1. Gather your materials. Before starting, gather some pictures of totem poles and explain that totem poles were used for different reasons such as to tell legends, record history and sometimes just for art. They were made out of large trees which were carved and painted. The word totem comes from an Ojibwe word that means family group. You will need many colors of construction paper. Scrap paper is great, although you will need one large piece for the wings. You will also need a piece of plain white paper, a paper towel roll, glue, scissors, a marker, a paper punch, and some colorful markers. You may also want some tape to keep things in place while the glue dries.
2. Start by coloring the white paper, older children can make patterns while younger ones can just go for it.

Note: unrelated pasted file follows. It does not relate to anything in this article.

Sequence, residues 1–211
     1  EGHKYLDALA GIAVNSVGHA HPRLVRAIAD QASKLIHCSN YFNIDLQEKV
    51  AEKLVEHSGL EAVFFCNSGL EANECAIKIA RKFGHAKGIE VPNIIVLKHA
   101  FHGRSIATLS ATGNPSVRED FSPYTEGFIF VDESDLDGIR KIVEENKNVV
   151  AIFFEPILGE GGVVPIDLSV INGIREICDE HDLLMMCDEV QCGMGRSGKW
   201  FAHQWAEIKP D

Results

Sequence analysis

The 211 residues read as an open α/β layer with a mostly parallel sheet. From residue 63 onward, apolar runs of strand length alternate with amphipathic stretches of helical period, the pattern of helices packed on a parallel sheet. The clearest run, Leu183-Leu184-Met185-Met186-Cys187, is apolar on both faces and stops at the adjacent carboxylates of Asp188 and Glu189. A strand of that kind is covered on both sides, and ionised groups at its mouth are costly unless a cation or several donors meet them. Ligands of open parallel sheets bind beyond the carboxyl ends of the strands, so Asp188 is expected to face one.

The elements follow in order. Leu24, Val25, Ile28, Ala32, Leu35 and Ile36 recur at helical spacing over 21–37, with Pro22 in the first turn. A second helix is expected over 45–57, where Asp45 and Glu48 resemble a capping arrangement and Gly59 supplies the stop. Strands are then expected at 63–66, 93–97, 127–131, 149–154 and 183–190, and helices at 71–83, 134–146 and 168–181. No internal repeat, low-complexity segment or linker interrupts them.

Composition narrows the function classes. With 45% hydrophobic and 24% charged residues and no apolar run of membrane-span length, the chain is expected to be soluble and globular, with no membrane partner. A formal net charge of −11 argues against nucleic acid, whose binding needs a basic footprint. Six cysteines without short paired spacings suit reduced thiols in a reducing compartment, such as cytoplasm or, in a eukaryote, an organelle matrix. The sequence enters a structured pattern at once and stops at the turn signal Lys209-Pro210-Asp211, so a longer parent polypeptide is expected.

3. While they color, cut out eyes, long strips for faces, noses...the sky is the limit. We cut out 3 pairs of eyes, some eyebrows, a few noses, and mouths.
4. Cut out wings and set aside.
5. Cut small feathers from the scrap paper. Set aside.
6. When children are done coloring, wrap the white paper around the paper towel roll. Trim if needed. Set aside.
7. Start gluing on the totem animal faces. Although we didn't decide exactly which animals we were making beforehand, as we glued them on we decided on a raven, a frog and a seagull. Not sure there are many seagulls on real totem poles but that's OK.
8. Glue the feathers on the wings.
9. Glue the wings on the pole and let dry.
been teaching young children in various capacities since 1993. She
started as a day camp leader in high school, taught various preschool
programs at community centers through university, worked as a tutor
while pursuing a second degree in elementary education, and most
recently worked as a director and preschool teacher before becoming a
full time mom. Now that she is at home she keeps one foot in education
while sharing that side of her life with her son and the results have